Family Day

veterans day parade 2018

© James Pyles

Yesterday, my son texted me at work and suggested spending Saturday together. He had a very specific agenda.

So this morning, I met him at his house, and we got the kids ready to head into downtown Boise so we could attend the annual Boise Veterans Day Parade (hence the image above). The parade has been held since before my family and I moved here 24 years ago. I can remember when my kids were in marching band in Junior High and High School, they’d perform in the parade each year.

We picked a corner near the start of the parade and met a lot of nice people, including a woman whose 13-year-old daughter was in it this year.

I took a ridiculous number of photos (and fortunately for you, I posted only one). The air was cool and crisp and if you were dressed properly, it was a great day to go to a parade.

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A New Home for Diablo

chicks

August MorgueFIle 139596857318u1t

“Bubbe! Baby chickies!” The enthusiastic three-year-old girl let go of her grandmother’s hand and ran over to the heated glass enclosure. She pressed her palms and nose against it and then pulled back. “It’s hot, Bubbe.”

“It’s okay to look, but don’t scare them, Dani.” The sixty-year-old bent over and put her hand gently on the child’s shoulder.

“Look, a kitty-cat.” The toddler spun to her left when she spied the black feline out of the corner of her eye. Surprisingly, when she zipped over to the edge of the counter to pet it, the cat didn’t even flinch.

“Your cat is amazingly calm,” the grandparent said to the young cashier.

“Yes, and he needs a new home, unfortunately. The former owners had to move and couldn’t take Diablo with them.” The woman’s raven hair was as dark as the cat’s fur.

“Diablo?” The older woman quickly pulled her phone from her purse as her granddaughter continued to pet the cat. “Jim. It’s me. How would you like to give an abandoned cat a new home?”

I wrote this for week #42 of Flash Fiction for the Purposeful Practitioner. The idea is to use the image above as the prompt for crafting a piece of flash fiction no more than 200 words long. My word count is 176.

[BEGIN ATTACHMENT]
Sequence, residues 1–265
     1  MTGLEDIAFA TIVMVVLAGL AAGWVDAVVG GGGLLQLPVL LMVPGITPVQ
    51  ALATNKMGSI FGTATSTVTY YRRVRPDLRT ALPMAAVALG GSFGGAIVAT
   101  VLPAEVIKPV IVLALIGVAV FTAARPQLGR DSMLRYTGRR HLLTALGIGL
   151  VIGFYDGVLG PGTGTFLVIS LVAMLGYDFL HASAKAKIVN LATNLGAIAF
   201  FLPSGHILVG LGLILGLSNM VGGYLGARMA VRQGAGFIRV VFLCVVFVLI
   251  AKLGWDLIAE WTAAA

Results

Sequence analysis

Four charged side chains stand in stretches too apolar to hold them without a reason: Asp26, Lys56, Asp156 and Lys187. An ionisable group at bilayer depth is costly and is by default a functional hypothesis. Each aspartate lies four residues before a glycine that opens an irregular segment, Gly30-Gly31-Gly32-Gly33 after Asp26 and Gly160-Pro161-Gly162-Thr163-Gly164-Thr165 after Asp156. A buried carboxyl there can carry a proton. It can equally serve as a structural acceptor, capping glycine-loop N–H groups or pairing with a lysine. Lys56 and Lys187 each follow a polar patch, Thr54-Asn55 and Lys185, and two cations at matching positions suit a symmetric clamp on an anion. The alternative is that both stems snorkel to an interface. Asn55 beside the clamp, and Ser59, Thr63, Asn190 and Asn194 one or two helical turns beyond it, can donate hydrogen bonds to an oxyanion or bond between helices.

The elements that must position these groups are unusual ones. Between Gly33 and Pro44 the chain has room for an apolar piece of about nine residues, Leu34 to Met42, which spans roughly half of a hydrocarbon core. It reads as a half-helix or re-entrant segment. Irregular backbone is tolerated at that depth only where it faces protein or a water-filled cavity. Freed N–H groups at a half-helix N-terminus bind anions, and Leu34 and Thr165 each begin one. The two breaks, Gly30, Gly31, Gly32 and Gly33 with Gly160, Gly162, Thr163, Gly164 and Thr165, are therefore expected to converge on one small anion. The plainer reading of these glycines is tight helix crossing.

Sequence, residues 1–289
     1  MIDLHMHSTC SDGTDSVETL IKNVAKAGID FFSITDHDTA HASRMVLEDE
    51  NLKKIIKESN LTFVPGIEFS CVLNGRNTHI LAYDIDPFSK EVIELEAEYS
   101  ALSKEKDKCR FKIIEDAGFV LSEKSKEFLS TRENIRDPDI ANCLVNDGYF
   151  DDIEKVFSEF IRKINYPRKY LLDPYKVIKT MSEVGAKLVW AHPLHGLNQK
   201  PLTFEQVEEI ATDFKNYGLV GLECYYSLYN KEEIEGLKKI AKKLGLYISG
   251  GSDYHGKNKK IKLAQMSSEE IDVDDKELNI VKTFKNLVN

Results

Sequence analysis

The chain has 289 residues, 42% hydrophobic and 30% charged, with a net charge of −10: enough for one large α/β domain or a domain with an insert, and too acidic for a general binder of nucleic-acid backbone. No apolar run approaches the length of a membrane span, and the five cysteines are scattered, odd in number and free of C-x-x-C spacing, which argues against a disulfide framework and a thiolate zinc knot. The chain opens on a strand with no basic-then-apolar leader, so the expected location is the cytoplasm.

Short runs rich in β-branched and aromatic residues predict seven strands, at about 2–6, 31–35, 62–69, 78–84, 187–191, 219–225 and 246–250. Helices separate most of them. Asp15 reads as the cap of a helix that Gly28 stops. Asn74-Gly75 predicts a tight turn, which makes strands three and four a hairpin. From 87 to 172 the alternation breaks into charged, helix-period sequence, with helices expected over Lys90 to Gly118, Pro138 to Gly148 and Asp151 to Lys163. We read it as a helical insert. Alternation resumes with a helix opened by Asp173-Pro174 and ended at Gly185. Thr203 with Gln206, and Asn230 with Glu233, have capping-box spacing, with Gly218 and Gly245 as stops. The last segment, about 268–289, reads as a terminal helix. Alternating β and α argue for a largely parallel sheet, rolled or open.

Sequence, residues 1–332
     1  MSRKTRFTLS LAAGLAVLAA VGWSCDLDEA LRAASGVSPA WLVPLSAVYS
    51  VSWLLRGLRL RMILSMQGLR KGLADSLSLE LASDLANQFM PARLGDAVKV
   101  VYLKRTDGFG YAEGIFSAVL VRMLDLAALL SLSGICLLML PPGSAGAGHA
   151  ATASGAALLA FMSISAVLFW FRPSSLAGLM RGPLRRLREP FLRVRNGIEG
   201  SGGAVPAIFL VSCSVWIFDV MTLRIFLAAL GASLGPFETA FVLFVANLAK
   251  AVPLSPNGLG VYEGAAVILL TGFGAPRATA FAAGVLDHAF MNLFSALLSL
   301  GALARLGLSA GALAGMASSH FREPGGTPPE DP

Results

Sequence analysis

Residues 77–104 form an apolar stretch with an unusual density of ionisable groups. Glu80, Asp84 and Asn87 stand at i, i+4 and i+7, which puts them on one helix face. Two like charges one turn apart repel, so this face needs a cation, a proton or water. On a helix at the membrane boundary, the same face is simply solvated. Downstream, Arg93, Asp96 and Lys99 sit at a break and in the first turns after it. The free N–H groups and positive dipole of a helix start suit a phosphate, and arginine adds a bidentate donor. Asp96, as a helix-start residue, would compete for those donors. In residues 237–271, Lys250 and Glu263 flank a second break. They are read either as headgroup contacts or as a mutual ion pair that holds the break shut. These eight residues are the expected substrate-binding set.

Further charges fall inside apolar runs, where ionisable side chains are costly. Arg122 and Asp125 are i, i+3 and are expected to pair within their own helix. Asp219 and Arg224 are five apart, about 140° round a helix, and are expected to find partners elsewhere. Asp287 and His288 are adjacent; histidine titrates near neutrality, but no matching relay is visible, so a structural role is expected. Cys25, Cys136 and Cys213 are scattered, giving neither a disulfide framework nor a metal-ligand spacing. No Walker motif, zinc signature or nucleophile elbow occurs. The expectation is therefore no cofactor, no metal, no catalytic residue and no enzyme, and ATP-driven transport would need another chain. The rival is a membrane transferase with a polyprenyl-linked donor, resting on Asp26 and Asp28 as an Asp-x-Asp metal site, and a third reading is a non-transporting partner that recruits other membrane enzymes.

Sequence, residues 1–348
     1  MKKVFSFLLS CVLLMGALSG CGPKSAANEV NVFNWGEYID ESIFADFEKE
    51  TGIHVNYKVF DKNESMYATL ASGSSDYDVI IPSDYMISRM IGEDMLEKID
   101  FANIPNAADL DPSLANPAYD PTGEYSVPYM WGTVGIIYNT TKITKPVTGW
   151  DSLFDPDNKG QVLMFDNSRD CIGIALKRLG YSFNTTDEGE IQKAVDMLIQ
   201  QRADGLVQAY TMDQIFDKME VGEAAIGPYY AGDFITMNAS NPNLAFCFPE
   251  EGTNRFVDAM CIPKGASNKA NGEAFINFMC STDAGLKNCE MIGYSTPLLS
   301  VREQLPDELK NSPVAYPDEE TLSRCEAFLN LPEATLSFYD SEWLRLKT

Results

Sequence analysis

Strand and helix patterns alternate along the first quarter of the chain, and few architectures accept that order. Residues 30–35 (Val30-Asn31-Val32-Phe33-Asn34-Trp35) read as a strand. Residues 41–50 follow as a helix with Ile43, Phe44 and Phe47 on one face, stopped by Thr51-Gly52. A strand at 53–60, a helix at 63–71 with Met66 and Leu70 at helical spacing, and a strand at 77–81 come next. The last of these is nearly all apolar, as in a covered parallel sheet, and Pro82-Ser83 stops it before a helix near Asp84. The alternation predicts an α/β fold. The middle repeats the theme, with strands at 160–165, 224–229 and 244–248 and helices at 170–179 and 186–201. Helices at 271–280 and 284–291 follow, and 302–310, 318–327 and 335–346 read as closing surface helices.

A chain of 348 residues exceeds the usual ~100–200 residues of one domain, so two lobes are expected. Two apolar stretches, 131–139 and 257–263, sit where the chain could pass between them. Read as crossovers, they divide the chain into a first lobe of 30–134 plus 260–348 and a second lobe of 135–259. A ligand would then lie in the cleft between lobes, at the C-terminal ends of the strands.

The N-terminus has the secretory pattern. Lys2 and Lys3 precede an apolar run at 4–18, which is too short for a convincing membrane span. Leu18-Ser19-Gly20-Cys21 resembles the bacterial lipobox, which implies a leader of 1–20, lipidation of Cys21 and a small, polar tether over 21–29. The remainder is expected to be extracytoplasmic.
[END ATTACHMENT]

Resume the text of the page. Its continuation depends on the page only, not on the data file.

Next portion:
I admit that the photo didn’t immediately inspire a pulse-pounding, dynamic tale of action and adventure, but I remembered my wife telling me that she took our granddaughter to a local gardening and feed store the other day, and they did have a cat there needing a new home. On a separate occasion, I’ve visited another branch of the same store and saw chicks in a heated case, so I put the two events together.

And no, we didn’t adopt the cat. I made that part up.

To read other stories based on the prompt, visit InLinkz.com. As of this writing, I’m the first to contribute, so please consider adding your own wee tale.

Thanks.

Brothers

flagon

Found at “The Flagon” twitter account

“One for sorrow, two for mirth.” Tom raised his flagon of ale at the bar, smiling at his brother.

“Aye, brother. Here’s to mirth.” Chris raised his as well and clumsily pressed the two together. Then they both drained their drinks by half and slammed them down on the counter before them.

Tom leaned over and hugged his elder sibling. I’ve missed you, Chris. You don’t know how boring things are when you’re not around.”

Chris broke from the clinch and patted Tom on both shoulders. “I must admit the same. Life just isn’t as much fun when you’re not with me. Whoa.” The large blond had to grab the edge of the bar to keep from teetering off his stool.

“Had one ale too many, eh, brother?” Tom took another drink, but just a sip.

“Not at all, Tom. The stool must be faulty. Here. Another toast. To family.” He again lifted his flagon.

“Yes, dear brother. Family.” Tapping their containers together, they both took another long swallow. Then setting his drink down, Tom said, “Of course, there isn’t much family left. Our father…”

“Yes, the dear departed. I miss him a great deal.”

“In spite of the lies he told?”

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The Last Hrtedyp

fall

© Sue Vincent

There were tears in seventeen-year-old Latoya Kelly’s eyes as she hiked toward the small waterfall and realized this would be her last Hrtedyp. It was always held on the first full day after the Fall Equinox, precisely at 4:33 p.m. She had only been five when she had her first Hrtedyp, and that had been by accident. She had been camping with her parents and grandparents, and the tiny child wandered off. She had been lost, and hungry, and scared, but by the time Daddy found her, she was full of Bueno Nacho, Everlasting Gobstopper, and was laughing and singing in a language nobody knew anything about. She tried to tell Mommy and Daddy about the Hrtedyp, but they thought she’d fallen asleep and had a dream.